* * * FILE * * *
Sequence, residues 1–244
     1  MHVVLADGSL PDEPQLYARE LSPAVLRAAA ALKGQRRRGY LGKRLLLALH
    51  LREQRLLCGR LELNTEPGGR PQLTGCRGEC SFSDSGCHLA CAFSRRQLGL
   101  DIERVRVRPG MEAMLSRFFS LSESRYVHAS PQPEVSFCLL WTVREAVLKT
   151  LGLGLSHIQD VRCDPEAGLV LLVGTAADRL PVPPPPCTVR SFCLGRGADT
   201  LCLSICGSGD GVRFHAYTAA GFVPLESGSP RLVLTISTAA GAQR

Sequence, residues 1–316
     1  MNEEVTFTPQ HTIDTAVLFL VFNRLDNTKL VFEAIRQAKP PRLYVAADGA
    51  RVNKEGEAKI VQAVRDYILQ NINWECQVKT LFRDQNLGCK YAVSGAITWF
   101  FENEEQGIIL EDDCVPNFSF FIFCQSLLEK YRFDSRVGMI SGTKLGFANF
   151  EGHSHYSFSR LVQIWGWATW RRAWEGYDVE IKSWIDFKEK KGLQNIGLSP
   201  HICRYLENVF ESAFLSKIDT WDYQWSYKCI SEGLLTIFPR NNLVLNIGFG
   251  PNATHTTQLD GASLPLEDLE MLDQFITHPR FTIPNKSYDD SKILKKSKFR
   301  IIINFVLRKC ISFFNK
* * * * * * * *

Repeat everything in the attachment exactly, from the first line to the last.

Sequence, residues 1–244
     1  MHVVLADGSL PDEPQLYARE LSPAVLRAAA ALKGQRRRGY LGKRLLLALH
    51  LREQRLLCGR LELNTEPGGR PQLTGCRGEC SFSDSGCHLA CAFSRRQLGL
   101  DIERVRVRPG MEAMLSRFFS LSESRYVHAS PQPEVSFCLL WTVREAVLKT
   151  LGLGLSHIQD VRCDPEAGLV LLVGTAADRL PVPPPPCTVR SFCLGRGADT
   201  LCLSICGSGD GVRFHAYTAA GFVPLESGSP RLVLTISTAA GAQR

Sequence, residues 1–316
     1  MNEEVTFTPQ HTIDTAVLFL VFNRLDNTKL VFEAIRQAKP PRLYVAADGA
    51  RVNKEGEAKI VQAVRDYILQ NINWECQVKT LFRDQNLGCK YAVSGAITWF
   101  FENEEQGIIL EDDCVPNFSF FIFCQSLLEK YRFDSRVGMI SGTKLGFANF
   151  EGHSHYSFSR LVQIWGWATW RRAWEGYDVE IKSWIDFKEK KGLQNIGLSP
   201  HICRYLENVF ESAFLSKIDT WDYQWSYKCI SEGLLTIFPR NNLVLNIGFG
   251  PNATHTTQLD GASLPLEDLE MLDQFITHPR FTIPNKSYDD SKILKKSKFR
   301  IIINFVLRKC ISFFNK